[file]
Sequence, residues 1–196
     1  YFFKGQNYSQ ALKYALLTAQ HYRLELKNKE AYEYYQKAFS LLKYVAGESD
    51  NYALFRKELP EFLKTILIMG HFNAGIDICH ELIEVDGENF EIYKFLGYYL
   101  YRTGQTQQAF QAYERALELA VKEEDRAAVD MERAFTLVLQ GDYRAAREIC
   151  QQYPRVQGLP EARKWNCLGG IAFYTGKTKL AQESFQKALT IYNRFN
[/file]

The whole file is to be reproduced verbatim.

Sequence, residues 1–196
     1  YFFKGQNYSQ ALKYALLTAQ HYRLELKNKE AYEYYQKAFS LLKYVAGESD
    51  NYALFRKELP EFLKTILIMG HFNAGIDICH ELIEVDGENF EIYKFLGYYL
   101  YRTGQTQQAF QAYERALELA VKEEDRAAVD MERAFTLVLQ GDYRAAREIC
   151  QQYPRVQGLP EARKWNCLGG IAFYTGKTKL AQESFQKALT IYNRFN